Teacher resources and professional development across the curriculum

Teacher professional development and classroom resources across the curriculum

Monthly Update sign up
Mailing List signup
Search
Follow The Annenberg Learner on LinkedIn Follow The Annenberg Learner on Facebook Follow Annenberg Learner on Twitter
MENU
American Passages: A Literary SurveyUnit IndexAmerican Passages Home
Home About Unit Index Archive Book Club Site Search
5. Masculine Heroes   



16. The Search For Identity

•  Unit Overview
•  Using the Video
•  Authors
•  Timeline
•  Activities
- Overview Questions
- Video
Activities
- Author
Activities
- Context
Activities
- Creative Response
- PBL Projects

Activities: Creative Response

  1. Journal: In Toni Cade Bambara's "Medley," when Sweet Pea criticizes Hector's storytelling, she also provides her criteria for effective storytelling, including the need for names and details. What elements do you think are necessary for a good story? Create a definition or list; then use it to analyze any story that is meaningful to you (a family story, movie, novel, etc.). Does the story meet all your criteria? If not, how does the discrepancy affect your definition?

  2. Journal: In David Mamet's Glengarry Glen Ross, Roma asks a series of questions in Act 1, Scene 3, including "what is our life?" and "what is it that we're afraid of?" Consider his statement, "All it is is THINGS THAT HAPPEN TO YOU." In your journal, answer his questions and offer an interpretation and opinion of his statement.

  3. Journal: Do you think Abuela, "the witch" of "The Witch's Husband" by Judith Ortiz Cofer, spent long enough in New York (one year)? What do you think she did there? Was this enough of a taste of freedom to allow her to remain happy in Puerto Rico? Do you think it would just whet her appetite for even more freedom? How feminist is she, if at all, according to your own definition of feminism?

  4. Creative Writing: In "Polar Breath," Diane Glancy depicts the old woman's death using images of birds, the icehouse, frigid water, and spirits. Do these images seem appropriate for the old woman? Choose a person or character from another story in this unit, and write a story or create a visual representation of his/her death using character-appropriate imagery.

  5. Creative Writing: Write a new version of Alice Walker's "Everyday Use" from Dee/Wangero's point of view. What was it like to grow up in the house and see it burned? Why did you change your name and clothes? Describe your visit home. Why are the quilts so important to you? Why are you so frustrated with your family?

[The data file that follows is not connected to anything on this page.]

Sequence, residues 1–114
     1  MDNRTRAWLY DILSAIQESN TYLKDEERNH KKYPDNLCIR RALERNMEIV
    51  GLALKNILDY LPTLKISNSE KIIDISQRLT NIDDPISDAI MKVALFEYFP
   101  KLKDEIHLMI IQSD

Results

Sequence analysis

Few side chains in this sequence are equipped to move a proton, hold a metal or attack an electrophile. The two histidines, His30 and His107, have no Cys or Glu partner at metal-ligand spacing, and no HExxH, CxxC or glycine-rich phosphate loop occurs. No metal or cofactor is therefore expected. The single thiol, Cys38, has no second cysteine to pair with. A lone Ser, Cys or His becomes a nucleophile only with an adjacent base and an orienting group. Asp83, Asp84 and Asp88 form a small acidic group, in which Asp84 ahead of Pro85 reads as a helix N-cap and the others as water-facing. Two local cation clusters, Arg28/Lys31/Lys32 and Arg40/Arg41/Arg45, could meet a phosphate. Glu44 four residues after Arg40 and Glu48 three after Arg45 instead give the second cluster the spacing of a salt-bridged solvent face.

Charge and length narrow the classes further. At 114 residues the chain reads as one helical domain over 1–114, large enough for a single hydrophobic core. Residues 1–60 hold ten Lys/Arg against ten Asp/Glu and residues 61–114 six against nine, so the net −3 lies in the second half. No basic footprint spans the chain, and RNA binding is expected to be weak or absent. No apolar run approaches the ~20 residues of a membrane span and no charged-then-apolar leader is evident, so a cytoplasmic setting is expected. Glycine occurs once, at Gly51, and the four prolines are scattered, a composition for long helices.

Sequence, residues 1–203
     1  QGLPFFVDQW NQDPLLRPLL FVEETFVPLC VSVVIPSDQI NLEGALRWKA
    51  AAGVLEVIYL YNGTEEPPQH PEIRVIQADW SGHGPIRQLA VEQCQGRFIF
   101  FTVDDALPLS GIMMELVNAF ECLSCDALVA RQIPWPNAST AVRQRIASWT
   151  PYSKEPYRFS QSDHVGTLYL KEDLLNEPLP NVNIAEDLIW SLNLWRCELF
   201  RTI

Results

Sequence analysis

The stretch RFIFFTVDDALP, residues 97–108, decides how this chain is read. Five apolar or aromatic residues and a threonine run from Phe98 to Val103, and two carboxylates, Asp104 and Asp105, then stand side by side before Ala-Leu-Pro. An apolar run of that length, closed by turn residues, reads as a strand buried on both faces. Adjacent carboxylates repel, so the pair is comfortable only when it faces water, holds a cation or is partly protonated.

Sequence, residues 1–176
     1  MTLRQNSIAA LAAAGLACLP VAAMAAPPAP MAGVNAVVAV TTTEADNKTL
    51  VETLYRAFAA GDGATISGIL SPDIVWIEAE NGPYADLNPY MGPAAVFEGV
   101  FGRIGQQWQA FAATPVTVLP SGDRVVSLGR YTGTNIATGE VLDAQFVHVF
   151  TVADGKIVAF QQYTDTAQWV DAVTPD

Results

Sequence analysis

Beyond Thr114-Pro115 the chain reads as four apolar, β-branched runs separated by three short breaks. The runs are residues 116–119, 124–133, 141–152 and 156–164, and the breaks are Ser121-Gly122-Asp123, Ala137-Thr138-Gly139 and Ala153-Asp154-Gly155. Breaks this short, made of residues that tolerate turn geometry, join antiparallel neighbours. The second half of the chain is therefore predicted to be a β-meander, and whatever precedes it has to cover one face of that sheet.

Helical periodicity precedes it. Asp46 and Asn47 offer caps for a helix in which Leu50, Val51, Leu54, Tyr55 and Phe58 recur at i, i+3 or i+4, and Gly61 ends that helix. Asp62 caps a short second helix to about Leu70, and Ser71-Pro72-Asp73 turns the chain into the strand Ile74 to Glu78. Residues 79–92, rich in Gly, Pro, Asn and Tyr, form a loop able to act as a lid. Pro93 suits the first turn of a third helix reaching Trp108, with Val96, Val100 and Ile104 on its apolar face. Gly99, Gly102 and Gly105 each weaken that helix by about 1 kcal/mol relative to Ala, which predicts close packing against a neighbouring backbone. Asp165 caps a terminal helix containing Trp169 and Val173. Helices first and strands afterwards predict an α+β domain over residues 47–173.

6. Acting and Performance: As a young actor, David Mamet was influenced by the Stanislavsky method of acting, also called "method acting," with which actors attempt to make their work as real as possible. Research the Stanislavsky method further. With a group of students, choose a scene from Glengarry Glen Ross and use method acting to rehearse and perform it for the class.

  7. Acting and Performance: Alone or with a small group of students, produce performance art of any kind to relay a message to your class. Before you begin, answer the following questions: What message are you trying to convey? Why? How can you best communicate your ideas? How can performance art afford you a new perspective or suggest new ways of thinking to your audience?

  8. Multimedia: Imagine that you are part of a performance art group that needs new members. To convince talented artists to use performance art methods, create a presentation that reports on the activities of one performance artist mentioned in this unit. Using the American Passages multimedia resources, Internet research, and your knowledge of performance artists, create a slide show of the artist's work, a video capturing audience reactions, and/or print materials to explain the artist's themes, ideas, and methods. Explain why performance art is the most successful means of reaching some audiences.

  9. Modified "Show and Tell": Think about the importance of the quilts in Alice Walker's "Everyday Use." Choose an object that is personally meaningful to you, and prepare a multimedia presentation explaining its significance. Is the object functional? Is it "worth more" than the dollars you could get if you sold it? Design visuals and a narrative that speak to the object's aesthetic, sentimental, cultural, and financial value.



Slideshow Tool
This tool builds multimedia presentations for classrooms or assignments. Go

Archive
An online collection of 3000 artifacts for classroom use. Go

Download PDF
Download the Instructor Guide PDF for this Unit. Go

© Annenberg Foundation 2014. All rights reserved. Legal Policy